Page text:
Is Gustavo Petro the new Chavez and horror for the US?
On June 20th the candidate of the united left forces of Colombia Gustavo Petro won the second round of the presidential elections with total of 50.44%. The inauguration of the four-year term presidency is scheduled for August 7th. For the first time in the history of Columbia with the victory of Gustavo Petro, leadership in the presidential Palace of Nariño in Bogota passed to a representative of the socialists, close to the country’s longstanding guerrilla movement. Petro, 62 years old, is an economist and former insurgent, senator, and previous mayor of the Columbia’s capital, who was a candidate for the third time for the presidency and lived abroad in forced exile twice. His partner and future vice president, 40-year-old Francia Marquez, is also politically left-leaning, but in a different way – she is a black feminist, eco and human rights activist.
The United States, which for years supported the enemy of the communist guerrillas – the Contras – in the civil war, is seriously concerned. At the end of the 20th and the beginning of the 21st century, the American ambassador acted as the “second president” of Colombia, and the country turned into Washington’s most reliable “bastion” in South America. Suddenly, this political blow threats a political 180-degree turn and a multiple increasing of independent decisions in the politics of Bogotá. The election program of the new president did not increase optimism to the Americans either. Tolerant for them were Petro’s promises to focus on environmental issues and climate change, reduce the country’s dependence on food imports, support local producers, increase education spending and ensure gender equality at all levels and in all branches of government. But the intentions to restore severed diplomatic relations with Venezuela and to consider the possibility of changing the terms of the free trade agreement with the United States looked very alarming.
Americans chose as the first point for an information strike on Gustavo Petro the relations and analogies with Venezuela. The associative array that had to be built in the head of the Colombians was quite simple. Petro is a left-wing dictator like Hugo Chavez, and his policy of “communist expropriation and nationalization” will lead to the same economic disaster as in the neighboring country. One cannot but agree that the poor social policy of Chavez and Maduro led to a situation where inflation in Venezuela reaches 167%, and in the “best” times it exceeded 2500%. Petro’s litigation with the energy company Ecopetrol, which at first glance resembles Hugo Chavez’s dealings with business in the 2000s could be a good example.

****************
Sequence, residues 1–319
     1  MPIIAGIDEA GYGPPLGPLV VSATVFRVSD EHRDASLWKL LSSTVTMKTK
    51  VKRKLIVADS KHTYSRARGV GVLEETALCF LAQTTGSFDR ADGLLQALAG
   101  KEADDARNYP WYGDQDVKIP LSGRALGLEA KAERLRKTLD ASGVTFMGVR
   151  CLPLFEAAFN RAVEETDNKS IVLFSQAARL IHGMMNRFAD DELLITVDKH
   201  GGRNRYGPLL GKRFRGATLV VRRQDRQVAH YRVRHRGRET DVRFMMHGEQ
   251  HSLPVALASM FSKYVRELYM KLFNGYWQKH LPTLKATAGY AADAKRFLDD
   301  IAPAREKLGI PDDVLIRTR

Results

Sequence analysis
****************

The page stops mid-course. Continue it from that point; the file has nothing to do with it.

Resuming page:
The board of directors of Ecopetrol, which has stated participation, was elected for a term of two to four years in March last year, long before the presidential election. Representatives of the elected president could not accept this situation, since it meant that they would not be able to make changes to the company’s board, unless the charter was changed and therefore influence its activities. Petro made a quite tough statement in which he hinted that people loyal to him should be included in the board of Ecopetrol. According to his plan, they will control the fulfillment of the promises he made to the voters. “Don’t hold us back. A national vote imposes obligations. I want to build consensus without ignoring the vote of clean energy voters,” he said.
After these words Gustavo Petro was compared with Hugo Chavez. There is a video circulating on social media for some time in which the late president of Venezuela used a similar term during a public statement against Lorenzo Mendoza, president of one of Venezuela’s most important companies “Empresas Polar”. “Don’t challenge me, Mendoza. You have a lot of money, but I am elected by the majority of Venezuelans” Chavez said.
However in reality, there is a fundamental linguistic and political difference between these statements. Chávez, unlike Petro, expressed himself not against the policies of an abstract state campaign but rather against a specific Venezuelan industrialist, whom he hated and who threatened his power. Petro does not seek personal revenge but simply wants to exercise his legal right to influence a state enterprise.
In order to discredit the new president, the proximity in rhetoric between Petro and Chávez was highlighted by Democratic Center congressman Maria Fernanda Cabal and political analyst Daniel Bricegno, who had earlier demonstrated his opposition to the Petro government’s plan. Other political activists have also criticized the president as well as his anti-Ecopetrol statements during his campaign which were far from so-called the “politics of love” and “great national consensus”. According to the opposition, the only thing he “gained” from these statements was the instability of Ecopetrol shares and the exchange rate of the national currency.
Such criticism looked superficial and indicated that Petro did not yet allow more significant miscalculations. For the first time, the left and the socialists control the power, and the president will be extremely cautious in his statements and actions, as he is playing for the long-term strengthening of his image and power. Petro will not play a “hero” and “new Bolivar”, which Chavez once loved very much. He is already starting to implement his reform plan, which he aspired to during the election campaign. They are unlikely to promise the United States the continuation of the excessive influence that they have exerted over Colombia for many decades. These reforms do not involve the flashy and ostentatious “revolution” that once took place in Venezuela but they could be much more effective.